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Leaving the Classroom 25: Teacher Terms Translated to Corporate Learning and Development

Leaving the Classroom: A Transitioning Teacher Podcast

Teacher Terms Translated to Corporate Learning and Development 

Have you ever been in a meeting just nodding along, listening to what everyone is saying and all of a sudden, someone says a word that you have never heard before? Yet everyone else seems to know exactly what is going on? Today, I’m diving into a fun topic that many of us can relate to – translating teacher terms into the corporate world.

Listen to the episode here:

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Enjoy the podcast transcription:

Welcome to leaving the classroom. I'm Kristi Oliva, and I'm so glad you're here. Have you ever been in a meeting just nodding along listening to what everyone is saying. And all of a sudden someone says a word that you've never heard before. Yet, everyone else seems to know exactly what's going on. Almost every day in the corporate world. This happens to me. Just the other day I was in a meeting and my manager was just talking away and said something that made me do a double take and you know what? I had to google it. Today, I'm diving into this topic, translating teacher terms into the corporate world. 

Fear not. Today, I'll demystify some of these terms and bring clarity to the world of corporate learning.

Let's start with our first translation, lesson planning. In the world of teaching, lesson planning is a familiar term. It's all about crafting, engaging an effective lessons for students. But in corporate, we refer to this process as curriculum design. It involves developing comprehensive learning experiences for employees covering a range of topics and skills to meet organizational goals. Same thing.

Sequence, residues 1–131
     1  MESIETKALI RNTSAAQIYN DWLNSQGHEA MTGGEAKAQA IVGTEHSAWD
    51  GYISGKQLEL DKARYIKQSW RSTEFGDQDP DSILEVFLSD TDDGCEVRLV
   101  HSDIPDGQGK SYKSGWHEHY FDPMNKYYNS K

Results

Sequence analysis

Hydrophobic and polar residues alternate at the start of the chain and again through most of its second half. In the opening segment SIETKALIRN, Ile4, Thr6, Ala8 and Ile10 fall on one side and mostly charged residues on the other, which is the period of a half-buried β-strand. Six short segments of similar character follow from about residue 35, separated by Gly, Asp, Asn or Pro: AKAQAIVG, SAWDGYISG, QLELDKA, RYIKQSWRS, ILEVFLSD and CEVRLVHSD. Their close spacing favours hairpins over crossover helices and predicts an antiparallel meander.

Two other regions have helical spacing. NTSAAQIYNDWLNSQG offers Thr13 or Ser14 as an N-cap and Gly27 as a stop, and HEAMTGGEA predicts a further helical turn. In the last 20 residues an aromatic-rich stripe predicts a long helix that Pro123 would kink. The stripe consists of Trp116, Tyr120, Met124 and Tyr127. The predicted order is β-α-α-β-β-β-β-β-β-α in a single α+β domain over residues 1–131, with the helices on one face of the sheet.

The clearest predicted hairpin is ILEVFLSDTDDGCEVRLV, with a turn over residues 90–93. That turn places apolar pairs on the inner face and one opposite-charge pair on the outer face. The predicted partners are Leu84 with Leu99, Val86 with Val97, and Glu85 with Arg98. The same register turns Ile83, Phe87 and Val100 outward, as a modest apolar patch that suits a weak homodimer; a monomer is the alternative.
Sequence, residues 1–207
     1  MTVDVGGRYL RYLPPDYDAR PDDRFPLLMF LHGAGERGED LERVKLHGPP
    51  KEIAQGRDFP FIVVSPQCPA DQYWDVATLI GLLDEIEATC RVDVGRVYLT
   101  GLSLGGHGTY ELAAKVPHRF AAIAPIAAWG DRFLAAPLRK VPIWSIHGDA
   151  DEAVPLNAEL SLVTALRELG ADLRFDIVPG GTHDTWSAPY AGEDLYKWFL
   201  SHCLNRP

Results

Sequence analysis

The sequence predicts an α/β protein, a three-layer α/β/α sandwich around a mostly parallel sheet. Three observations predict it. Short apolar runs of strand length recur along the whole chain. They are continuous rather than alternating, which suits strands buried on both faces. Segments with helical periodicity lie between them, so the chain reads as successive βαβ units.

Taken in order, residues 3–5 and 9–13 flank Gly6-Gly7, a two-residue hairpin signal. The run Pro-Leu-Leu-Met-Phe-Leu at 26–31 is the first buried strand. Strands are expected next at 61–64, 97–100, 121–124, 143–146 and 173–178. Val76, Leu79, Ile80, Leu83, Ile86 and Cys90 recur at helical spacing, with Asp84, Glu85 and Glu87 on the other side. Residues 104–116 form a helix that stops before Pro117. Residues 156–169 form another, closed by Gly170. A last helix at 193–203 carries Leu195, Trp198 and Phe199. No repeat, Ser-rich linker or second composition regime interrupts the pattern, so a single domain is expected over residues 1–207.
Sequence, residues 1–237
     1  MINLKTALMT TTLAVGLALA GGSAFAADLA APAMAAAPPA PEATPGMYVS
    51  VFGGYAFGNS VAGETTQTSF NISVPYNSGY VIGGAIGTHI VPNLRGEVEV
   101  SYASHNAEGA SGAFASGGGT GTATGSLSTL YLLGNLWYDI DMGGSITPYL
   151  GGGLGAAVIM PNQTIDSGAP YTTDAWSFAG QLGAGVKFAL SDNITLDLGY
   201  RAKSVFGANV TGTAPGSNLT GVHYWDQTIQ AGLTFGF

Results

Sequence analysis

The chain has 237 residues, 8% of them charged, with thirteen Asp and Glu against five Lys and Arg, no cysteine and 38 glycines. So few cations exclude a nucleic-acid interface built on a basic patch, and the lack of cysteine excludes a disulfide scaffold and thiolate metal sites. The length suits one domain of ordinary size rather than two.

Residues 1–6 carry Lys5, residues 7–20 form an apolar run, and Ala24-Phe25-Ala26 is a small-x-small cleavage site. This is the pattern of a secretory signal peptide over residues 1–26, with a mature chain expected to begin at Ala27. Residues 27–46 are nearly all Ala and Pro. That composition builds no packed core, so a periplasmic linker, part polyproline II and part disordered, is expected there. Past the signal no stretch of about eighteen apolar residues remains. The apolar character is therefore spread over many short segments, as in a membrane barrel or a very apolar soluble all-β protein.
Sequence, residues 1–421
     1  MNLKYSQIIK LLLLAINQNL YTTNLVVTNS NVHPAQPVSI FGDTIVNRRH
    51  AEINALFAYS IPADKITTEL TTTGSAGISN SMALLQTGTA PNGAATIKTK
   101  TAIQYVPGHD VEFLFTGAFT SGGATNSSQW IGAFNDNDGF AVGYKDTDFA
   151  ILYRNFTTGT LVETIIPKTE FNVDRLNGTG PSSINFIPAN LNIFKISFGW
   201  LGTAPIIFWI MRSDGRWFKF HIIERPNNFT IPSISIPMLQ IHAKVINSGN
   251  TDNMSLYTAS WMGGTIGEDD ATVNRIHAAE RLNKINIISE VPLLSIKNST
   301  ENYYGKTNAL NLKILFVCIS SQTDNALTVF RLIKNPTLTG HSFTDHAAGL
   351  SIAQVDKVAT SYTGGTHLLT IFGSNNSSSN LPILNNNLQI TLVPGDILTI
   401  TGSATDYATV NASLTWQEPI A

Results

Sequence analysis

Next up, parents, ah, parents, aren't they just our favorites? The key figures in a student's educational journey? Yes, parents. But in the corporate context, we swap out the word parents for stakeholders. These are individuals or groups with a vested interest in the success of a learning program. Think managers, executives or even customers, their support and engagement play a crucial role in the overall success of a learning initiative.

Next, students, well in a classroom students are those things filling up your seats and driving you crazy. I mean, they're the eager minds seeking knowledge, right. But as we transition to corporate, we swapped the word students for learners. These are the employees who are embark on a continuous journey of growth and development through various learning opportunities. They're the people taking the learning that you're creating.

Alright, here's the next one, student centered, you've probably heard about student centered learning and education, you've taken the professional development, you had the guest speaker student centered, the focus is on tailoring the learning experience to meet individual needs. Well, in the corporate world, we embrace the concept of learner centered. It's all about designing learning experiences that are engaging, relevant and cater to the unique needs of each employee.

So there's just a couple of the corporate terms that easily translate from education. So the next time you find yourself in a meeting, feeling lost, or if that's a word you have as a transitioning teacher. Remember these translations to help you navigate the Learning and Development landscape. Use these translations in your resume to translate the education experience that you have into corporate experience. Embracing these terms can enhance your understanding of the process, and foster a deeper connection with the learning initiatives at your new organization. I hope you've enjoyed our exploration of teacher terms translated into corporate learning. And that's all for this episode. If you are ready to leave the classroom, sign up for IDOL courses Academy using my code CLASSROOM100 and get $100 off enrollment today. It's time to take control and make the career change that will change your life. It changed mine. See you next time.

Send your stories or your questions to [email protected] or share them with me on Instagram  @leavingtheclassroom.

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